The clock is best described directly. It consists of two components. The main component is not unlike a conventional bedside alarm clock. The second sits nearly where one would expect the canonical “snooze” button of a conventional alarm clock. This second piece is a small, removable “fob”. When one sets the desired time to wake up, the fob is programmed with a digital count down timer. The alarm setting ritual starts when one sets the wake-up time using a dial on the back of the clock. While doing this, the fob timer is configured so that its count down would expire and the fob would “alarm” when the alarm clock setter would like to wake up. The ritual is completed when the fob is removed from the main component and given to a most trusted friend. In that ritual of handing over the fob, the network of trust is established and embodied. The “handshake” of the passing represents the creation, or the invigoration of trust in its most elemental form. Handing over the fob signals that there is Trust amongst this small, two-person social network. If one wants to wake up — or be woken up — one must first consider a number of things. Primarily — who do I trust to wake me up? Who would I want to be woken up by? To whom do I want to convey that I do indeed trust them?
Short animation of an interaction ritual.
We did not suppose that a bedside alarm clock like this has mass-market appeal. It’s a theory object — a way of questioning and probing and exploring the idea of Trust as made into this provocative material exemplar. In a way it is a bit of fiction, only not written, rather made as a physical object that compels one to think of the stories and “user experiences” that may surround it. The fiction is established through a provocation created through design practices.
Theory objects are like material instantiations of ideas — perhaps even our hopes and our imagination. Theory objects refract some social practice in a peculiar and hopefully thought-provoking way. They are “theory objects” in this sense, ways of shaping refining, refracting and altering social practice hopefully in a way that creates more habitable worlds.
The theory object is a way to think about “technology” as something that does more than utilitarian or instrumental. It is an embodiment of some sort of practice that is not outside of the realm of social action. In other words, the theory object is a social object — one that can shape and mutate social practice. Technologies are mutable. They can be what we need them to be, and shape how we experience the world and in that way, are social. What we are doing here is over-emphasizing this point by skirting around the usual assumptions about technology in order to make this point about their social nature more evident and obvious and provocative.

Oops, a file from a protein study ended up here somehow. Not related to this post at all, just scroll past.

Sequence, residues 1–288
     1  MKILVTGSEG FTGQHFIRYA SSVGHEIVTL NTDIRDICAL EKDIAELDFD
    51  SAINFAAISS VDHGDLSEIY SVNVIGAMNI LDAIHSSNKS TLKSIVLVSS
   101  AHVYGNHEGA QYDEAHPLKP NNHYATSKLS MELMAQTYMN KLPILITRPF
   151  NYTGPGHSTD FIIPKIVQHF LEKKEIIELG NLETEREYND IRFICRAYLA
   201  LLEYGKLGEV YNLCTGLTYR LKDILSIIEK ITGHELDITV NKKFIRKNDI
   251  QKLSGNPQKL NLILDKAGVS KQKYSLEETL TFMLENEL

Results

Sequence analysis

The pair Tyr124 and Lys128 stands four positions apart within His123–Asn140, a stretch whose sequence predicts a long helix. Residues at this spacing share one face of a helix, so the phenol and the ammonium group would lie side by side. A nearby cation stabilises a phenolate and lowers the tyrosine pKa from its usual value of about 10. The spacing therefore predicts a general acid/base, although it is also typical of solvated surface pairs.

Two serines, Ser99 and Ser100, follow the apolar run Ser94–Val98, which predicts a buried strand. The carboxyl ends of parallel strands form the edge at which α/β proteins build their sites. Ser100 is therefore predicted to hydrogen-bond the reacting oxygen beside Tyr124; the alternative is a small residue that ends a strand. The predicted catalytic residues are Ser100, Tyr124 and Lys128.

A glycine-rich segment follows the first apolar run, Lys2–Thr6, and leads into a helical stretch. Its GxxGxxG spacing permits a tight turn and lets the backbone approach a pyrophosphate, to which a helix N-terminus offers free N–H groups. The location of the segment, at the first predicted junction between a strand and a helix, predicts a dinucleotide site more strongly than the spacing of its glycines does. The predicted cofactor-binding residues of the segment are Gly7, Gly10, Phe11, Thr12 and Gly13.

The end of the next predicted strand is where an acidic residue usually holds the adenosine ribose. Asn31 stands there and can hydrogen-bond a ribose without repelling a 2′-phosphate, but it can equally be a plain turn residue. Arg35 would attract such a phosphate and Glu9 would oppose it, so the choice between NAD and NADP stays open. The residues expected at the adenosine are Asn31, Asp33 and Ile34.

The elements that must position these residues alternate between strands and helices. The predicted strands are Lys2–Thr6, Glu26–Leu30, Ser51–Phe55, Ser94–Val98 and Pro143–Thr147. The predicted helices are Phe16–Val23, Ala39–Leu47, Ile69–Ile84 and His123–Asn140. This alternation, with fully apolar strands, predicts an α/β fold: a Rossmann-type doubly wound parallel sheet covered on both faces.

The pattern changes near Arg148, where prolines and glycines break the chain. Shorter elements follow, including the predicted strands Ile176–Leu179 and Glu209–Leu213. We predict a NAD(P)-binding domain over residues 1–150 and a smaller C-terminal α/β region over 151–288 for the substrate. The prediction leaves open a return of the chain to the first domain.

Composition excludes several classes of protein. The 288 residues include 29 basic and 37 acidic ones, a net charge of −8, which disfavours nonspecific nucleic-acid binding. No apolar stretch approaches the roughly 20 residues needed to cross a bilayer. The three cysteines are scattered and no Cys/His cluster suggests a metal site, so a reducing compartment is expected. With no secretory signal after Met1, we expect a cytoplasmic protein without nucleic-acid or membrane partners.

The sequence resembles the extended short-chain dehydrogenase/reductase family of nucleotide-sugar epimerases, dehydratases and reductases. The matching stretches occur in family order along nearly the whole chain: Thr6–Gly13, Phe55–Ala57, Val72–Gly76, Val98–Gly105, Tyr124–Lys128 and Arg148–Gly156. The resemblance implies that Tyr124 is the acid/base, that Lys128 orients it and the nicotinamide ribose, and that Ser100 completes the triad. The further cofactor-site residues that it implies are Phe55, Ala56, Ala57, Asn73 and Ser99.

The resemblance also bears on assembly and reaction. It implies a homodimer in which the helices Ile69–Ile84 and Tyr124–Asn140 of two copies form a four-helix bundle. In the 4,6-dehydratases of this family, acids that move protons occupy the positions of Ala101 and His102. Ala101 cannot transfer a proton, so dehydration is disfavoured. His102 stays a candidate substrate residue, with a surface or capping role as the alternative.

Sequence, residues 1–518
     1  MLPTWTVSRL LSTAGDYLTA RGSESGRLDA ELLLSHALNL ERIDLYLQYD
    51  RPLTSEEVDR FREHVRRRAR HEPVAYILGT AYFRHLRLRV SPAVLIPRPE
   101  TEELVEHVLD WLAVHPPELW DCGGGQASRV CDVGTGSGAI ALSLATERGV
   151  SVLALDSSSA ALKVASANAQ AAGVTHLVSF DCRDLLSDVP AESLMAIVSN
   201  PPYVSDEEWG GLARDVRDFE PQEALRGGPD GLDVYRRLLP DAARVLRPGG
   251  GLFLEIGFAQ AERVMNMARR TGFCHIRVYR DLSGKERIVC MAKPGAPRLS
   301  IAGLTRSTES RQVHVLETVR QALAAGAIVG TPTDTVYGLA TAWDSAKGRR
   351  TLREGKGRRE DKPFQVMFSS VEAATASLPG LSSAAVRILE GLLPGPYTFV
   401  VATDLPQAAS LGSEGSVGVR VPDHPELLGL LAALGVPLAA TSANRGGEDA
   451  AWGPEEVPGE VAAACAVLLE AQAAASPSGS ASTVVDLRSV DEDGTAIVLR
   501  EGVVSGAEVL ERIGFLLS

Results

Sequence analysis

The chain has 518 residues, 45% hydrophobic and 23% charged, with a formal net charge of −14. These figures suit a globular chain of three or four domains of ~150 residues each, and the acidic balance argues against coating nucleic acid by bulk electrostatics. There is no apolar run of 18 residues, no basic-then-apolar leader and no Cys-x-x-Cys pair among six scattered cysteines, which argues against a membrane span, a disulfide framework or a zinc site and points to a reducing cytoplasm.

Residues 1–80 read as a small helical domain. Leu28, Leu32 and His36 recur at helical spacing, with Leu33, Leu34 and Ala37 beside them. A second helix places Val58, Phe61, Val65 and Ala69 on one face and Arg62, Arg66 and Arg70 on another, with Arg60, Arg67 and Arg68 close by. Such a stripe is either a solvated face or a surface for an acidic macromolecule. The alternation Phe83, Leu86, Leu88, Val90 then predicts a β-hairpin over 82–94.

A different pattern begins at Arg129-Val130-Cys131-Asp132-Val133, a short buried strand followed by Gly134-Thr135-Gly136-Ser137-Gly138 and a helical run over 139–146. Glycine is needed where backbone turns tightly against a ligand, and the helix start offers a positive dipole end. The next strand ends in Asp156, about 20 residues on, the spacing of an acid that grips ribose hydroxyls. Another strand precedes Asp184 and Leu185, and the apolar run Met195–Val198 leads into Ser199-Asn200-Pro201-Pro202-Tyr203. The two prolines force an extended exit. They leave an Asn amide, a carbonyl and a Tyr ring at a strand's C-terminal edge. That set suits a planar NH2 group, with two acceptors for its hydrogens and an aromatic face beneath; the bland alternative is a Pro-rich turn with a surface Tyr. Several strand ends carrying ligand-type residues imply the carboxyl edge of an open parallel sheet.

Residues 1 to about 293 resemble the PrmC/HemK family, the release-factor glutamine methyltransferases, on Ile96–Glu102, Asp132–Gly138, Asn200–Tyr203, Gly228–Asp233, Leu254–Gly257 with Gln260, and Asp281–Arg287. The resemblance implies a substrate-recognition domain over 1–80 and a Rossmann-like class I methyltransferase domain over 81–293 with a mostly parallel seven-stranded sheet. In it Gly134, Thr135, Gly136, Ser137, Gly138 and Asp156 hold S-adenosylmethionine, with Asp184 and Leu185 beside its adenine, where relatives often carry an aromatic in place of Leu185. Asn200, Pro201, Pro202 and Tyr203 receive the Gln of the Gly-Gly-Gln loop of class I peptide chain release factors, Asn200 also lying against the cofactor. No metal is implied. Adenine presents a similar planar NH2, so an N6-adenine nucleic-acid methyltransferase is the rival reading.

Why should we care enough to make this point that technologies are embodiments of social practice? Because we need to reveal the human hand in their creation and their possibility. Once we can see that people put these things together (and show this process plainly, through images and descriptions without secrets) it becomes possible to talk about how they could be different, or obey different laws and assumptions — possibly become more environmentally conscientious, or help us find playful ways to be more compassionate to mean people, or find ways to be kind to strangers (whatever..need some concrete examples, perhaps anticipating the projects.)
In the case of the Trust Alarm Clock, we were confronted with a rather exciting and unconventional direction for ways of waking up, which everyone does, with the regrettable exceptions, of course. The question evolves beyond *who do I want to wake me up, and who do I trust the most to, say — make sure I get up to make an unusually early meeting or airplane departure. Rather, through this theory object we were drawn into thinking about other *things one may wake up to besides the time of day. What sort of alarm clock might the near future bring that represents a trusted evolution of the waking-up ritual. Perhaps an alarm clock that allows someone in my networked social graph to wake me up. Or — are there things that I trust more than people in these circumstances? Somethings that are beyond the rather mechanistic and mundane ritual of waking to the time, which, after all — is not particularly exciting. Might the things that are more relevant or consistent with our connected age be what wakes us in the near future? In the near future, might we trust more an alarm clock that wakes us up when other people start waking up in order to facilitate that sense of being amongst a larger group of people who are also starting their day. Who are we to say that the now common ritual of waking to a specific time become as antique as luggage without wheels.